Zuleika looked down at her skirt. "I don't know," she said. "I got it in Paris."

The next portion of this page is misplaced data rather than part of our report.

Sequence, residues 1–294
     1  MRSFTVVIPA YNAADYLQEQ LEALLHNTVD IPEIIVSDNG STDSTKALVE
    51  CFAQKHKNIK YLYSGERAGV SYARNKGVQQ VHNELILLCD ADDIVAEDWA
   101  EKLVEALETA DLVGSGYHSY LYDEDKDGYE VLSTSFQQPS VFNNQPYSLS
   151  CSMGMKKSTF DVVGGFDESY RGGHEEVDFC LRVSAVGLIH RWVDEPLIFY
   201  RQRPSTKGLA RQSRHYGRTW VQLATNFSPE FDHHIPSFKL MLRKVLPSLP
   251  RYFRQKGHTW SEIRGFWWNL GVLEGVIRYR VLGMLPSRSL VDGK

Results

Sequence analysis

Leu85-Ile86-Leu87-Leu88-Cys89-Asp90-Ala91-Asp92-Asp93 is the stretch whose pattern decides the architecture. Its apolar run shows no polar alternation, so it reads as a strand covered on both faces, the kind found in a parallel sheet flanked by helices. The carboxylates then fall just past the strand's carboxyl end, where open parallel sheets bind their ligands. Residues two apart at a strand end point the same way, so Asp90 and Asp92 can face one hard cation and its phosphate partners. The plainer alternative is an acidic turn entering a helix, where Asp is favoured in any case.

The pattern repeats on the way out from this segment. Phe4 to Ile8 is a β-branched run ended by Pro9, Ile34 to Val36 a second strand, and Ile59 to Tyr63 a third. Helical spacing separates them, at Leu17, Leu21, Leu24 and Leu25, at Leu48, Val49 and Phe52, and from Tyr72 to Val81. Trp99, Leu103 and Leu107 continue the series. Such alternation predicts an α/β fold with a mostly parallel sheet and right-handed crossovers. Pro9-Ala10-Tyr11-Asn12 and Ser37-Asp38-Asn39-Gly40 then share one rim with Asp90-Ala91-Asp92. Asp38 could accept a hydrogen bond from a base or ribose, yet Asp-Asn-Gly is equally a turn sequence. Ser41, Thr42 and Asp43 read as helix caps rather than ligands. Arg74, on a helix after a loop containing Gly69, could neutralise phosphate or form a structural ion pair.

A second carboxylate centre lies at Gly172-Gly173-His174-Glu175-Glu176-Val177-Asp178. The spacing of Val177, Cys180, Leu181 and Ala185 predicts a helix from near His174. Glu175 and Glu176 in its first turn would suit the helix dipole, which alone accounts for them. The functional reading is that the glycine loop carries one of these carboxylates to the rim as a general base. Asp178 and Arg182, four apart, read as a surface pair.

"Well," said the Duke, "it is very ugly. The Dalbraith tartan is harmonious in comparison, and has, at least, the excuse of history. If you married me, you would have the right to wear it. You would have many strange and fascinating rights. You would go to Court. I admit that the Hanoverian Court is not much. Still, it is better than nothing. At your presentation, moreover, you would be given the entree. Is that nothing to you? You would be driven to Court in my statecoach. It is swung so high that the streetsters can hardly see its occupant. It is lined with rose-silk; and on its panels, and on its hammer-cloth, my arms are emblazoned—no one has ever been able to count the quarterings. You would be wearing the family-jewels, reluctantly surrendered to you by my aunt. They are many and marvellous, in their antique settings. I don't want to brag. It humiliates me to speak to you as I am speaking. But I am heart-set on you, and to win you there is not a precious stone I would leave unturned. Conceive a parure all of white stones—diamonds, white sapphires, white topazes, tourmalines. Another, of rubies and amethysts, set in gold filigree. Rings that once were poison-combs on Florentine fingers. Red roses for your hair—every petal a hollowed ruby. Amulets and ape-buckles, zones and fillets. Aye! know that you would be weeping for wonder before you had seen a tithe of these gauds. Know, too, Miss Dobson, that in the Peerage of France I am Duc d'Etretat et de la Roche Guillaume. Louis Napoleon gave the title to my father for not cutting him in the Bois. I have a house in the Champs Elysees. There is a Swiss in its courtyard. He stands six-foot-seven in his stockings, and the chasseurs are hardly less tall than he. Wherever I go, there are two chefs in my retinue. Both are masters in their art, and furiously jealous of each other. When I compliment either of them on some dish, the other challenges him. They fight with rapiers, next morning, in the garden of whatever house I am occupying. I do not know whether you are greedy? If so, it may interest you to learn that I have a third chef, who makes only souffles, and an Italian pastry-cook; to say nothing of a Spaniard for salads, an Englishwoman for roasts, and an Abyssinian for coffee. You found no trace of their handiwork in the meal you have just had with me? No; for in Oxford it is a whim of mine—I may say a point of honour—to lead the ordinary life of an undergraduate. What I eat in this room is cooked by the heavy and unaided hand of Mrs. Batch, my landlady. It is set before me by the unaided and—or are you in error?—loving hand of her daughter. Other ministers have I none here. I dispense with my private secretaries. I am unattended by a single valet. So simple a way of life repels you? You would never be called upon to share it. If you married me, I should take my name off the books of my College. I propose that we should spend our honeymoon at Baiae. I have a villa at Baiae. It is there that I keep my grandfather's collection of majolica. The sun shines there always. A long olive-grove secretes the garden from the sea. When you walk in the garden, you know the sea only in blue glimpses through the vacillating leaves. White-gleaming from the bosky shade of this grove are several goddesses. Do you care for Canova? I don't myself. If you do, these figures will appeal to you: they are in his best manner. Do you love the sea? This is not the only house of mine that looks out on it. On the coast of County Clare—am I not Earl of Enniskerry and Baron Shandrin in the Peerage of Ireland?—I have an ancient castle. Sheer from a rock stands it, and the sea has always raged up against its walls. Many ships lie wrecked under that loud implacable sea. But mine is a brave strong castle. No storm affrights it; and not the centuries, clustering houris, with their caresses can seduce it from its hard austerity. I have several titles which for the moment escape me. Baron Llffthwchl am I, and... and... but you can find them for yourself in Debrett. In me you behold a Prince of the Holy Roman Empire, and a Knight of the Most Noble Order of the Garter. Look well at me! I am Hereditary Comber of the Queen's Lap-Dogs. I am young. I am handsome. My temper is sweet, and my character without blemish. In fine, Miss Dobson, I am a most desirable parti."